Let’s face it: The vintage filter is past its prime. Sepia-tinted backgrounds and yellow vignettes make your images look like they were taken in 2012 – which is retro, for sure, but just as a throwback to the early days of mobile photography.

When smartphone cameras first came out, they really weren’t that great: With washed-out colors, low resolution images and fuzzy edges, they were a far cry from what the average smartphone is capable of taking today. That’s why photo filters became so popular: They were a quick fix for bad image quality, an easy way to bring out some details, make the images seem more lifelike with contrast, or just give them a fleeting sense of nostalgia.

Today, smartphone cameras are the best cameras many people have ever had – and they allow for pretty serious photography. Elaborate filters aren’t that important any more since there isn’t much left to obscure. But it’s still fun to use a vintage optic that gives photos a special look. Simple filters are a great way to start, but it’s more fun to manually edit your pictures and create your own aesthetic.

Here are some tips and tricks to make your photos look like they’re from another age – without seeming overly edited.

Faded Colors:

Remember: The look you’re trying to emulate is that of the golden age of film photography, when people had all memories printed on paper. When photos spend a lot of time tucked away in photo albums or shoe boxes on attics, it affects them. Their colors fade, their motifs become flatter, details get lost.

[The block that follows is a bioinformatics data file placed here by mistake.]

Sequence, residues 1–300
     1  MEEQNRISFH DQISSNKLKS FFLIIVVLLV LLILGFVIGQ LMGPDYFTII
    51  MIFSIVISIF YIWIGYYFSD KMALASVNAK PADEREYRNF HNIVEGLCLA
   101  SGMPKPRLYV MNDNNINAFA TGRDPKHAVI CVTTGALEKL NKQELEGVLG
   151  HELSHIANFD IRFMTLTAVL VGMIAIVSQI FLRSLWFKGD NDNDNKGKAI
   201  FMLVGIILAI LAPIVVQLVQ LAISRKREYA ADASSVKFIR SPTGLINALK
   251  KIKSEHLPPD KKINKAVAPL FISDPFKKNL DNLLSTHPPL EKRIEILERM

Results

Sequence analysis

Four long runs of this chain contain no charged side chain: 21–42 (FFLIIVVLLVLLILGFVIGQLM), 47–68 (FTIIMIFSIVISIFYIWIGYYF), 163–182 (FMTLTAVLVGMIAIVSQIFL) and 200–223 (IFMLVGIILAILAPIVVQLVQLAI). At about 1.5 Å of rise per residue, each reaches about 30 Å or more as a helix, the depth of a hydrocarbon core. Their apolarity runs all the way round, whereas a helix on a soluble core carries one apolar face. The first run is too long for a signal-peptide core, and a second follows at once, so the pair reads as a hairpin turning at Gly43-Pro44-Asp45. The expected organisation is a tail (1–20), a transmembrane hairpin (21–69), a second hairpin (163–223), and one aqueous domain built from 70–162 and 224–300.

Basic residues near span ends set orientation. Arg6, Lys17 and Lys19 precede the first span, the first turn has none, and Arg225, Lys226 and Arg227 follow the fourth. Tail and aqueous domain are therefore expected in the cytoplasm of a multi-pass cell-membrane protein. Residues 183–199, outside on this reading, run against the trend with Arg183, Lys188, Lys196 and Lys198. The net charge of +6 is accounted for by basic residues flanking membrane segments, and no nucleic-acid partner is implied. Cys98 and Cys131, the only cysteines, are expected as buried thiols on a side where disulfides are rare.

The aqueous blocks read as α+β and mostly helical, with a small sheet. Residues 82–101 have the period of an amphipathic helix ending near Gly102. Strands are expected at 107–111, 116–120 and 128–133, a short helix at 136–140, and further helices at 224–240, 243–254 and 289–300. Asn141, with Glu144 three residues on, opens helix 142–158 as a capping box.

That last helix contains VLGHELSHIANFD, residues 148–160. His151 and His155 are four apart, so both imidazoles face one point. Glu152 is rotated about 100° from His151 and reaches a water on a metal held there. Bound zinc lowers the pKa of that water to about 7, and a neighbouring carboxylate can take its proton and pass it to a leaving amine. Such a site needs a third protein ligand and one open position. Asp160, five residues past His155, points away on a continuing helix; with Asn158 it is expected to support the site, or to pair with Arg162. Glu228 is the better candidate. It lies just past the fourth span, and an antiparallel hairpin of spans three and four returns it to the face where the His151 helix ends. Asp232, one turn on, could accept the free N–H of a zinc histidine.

You can achieve that look by reducing the contrast of your pictures or by simply reducing their saturation. Then add some contrast or some red tint to make it pop a little.


By Chris Witt


By Hunter Orahood

You can also try adding some “fade” to your pictures, which is an option the EyeEm editing tools in the app offer. Fade will bring out some of the details in the foreground of your images, and thereby make them a bit flatter:


By Nadia Rahim

A Little Blur:

Modern cameras take incredibly sharp photos. But it never used to be that way: The cameras used back in the day had lenses that were less sharp and rendered much less detail. In that sense, the old smartphones actually did a good job. But of course it’s way easier to start out with a technically great photo and reduce its sharpness than to try and make an old picture look sharp. Just add a little (or a lot!) of blur to your photos and they’ll immediately look less perfect, which gives them an altogether different vibe. It’s also a look you can go for when shooting: Just focus on something other than the intended subject and play with the blur.


By Endless_Indierock


By Lotus Carroll

Vintage Objects:

A photo with a vintage feel doesn’t necessarily need certain colors or blurriness. You can also conjure up fascination by incorporating certain objects in your shots: Think rotary phones, compasses, or old cameras. These objects are still all around us, and they can bring back a bygone age – especially if you put them into a modern context.


By Felix Haugg


By Pablo Poulain



Monochrome:

It’s not really retro, as black and white is an art form in itself. But deliberately omitting all color gives your photos a timeless feel – even if their content is completely contemporary, like the photo of commuters with their smartphones below.


By John Puah


By KIM Sang Ho

As time goes on, our definition of retro gradually evolves. The fast pace of technological progress and changing tastes makes aesthetics and objects seem old very quickly. Keep in mind that “retro” is but a feeling – that can be redefined by each photographer and with each edit.

Header image by @Johnpuah.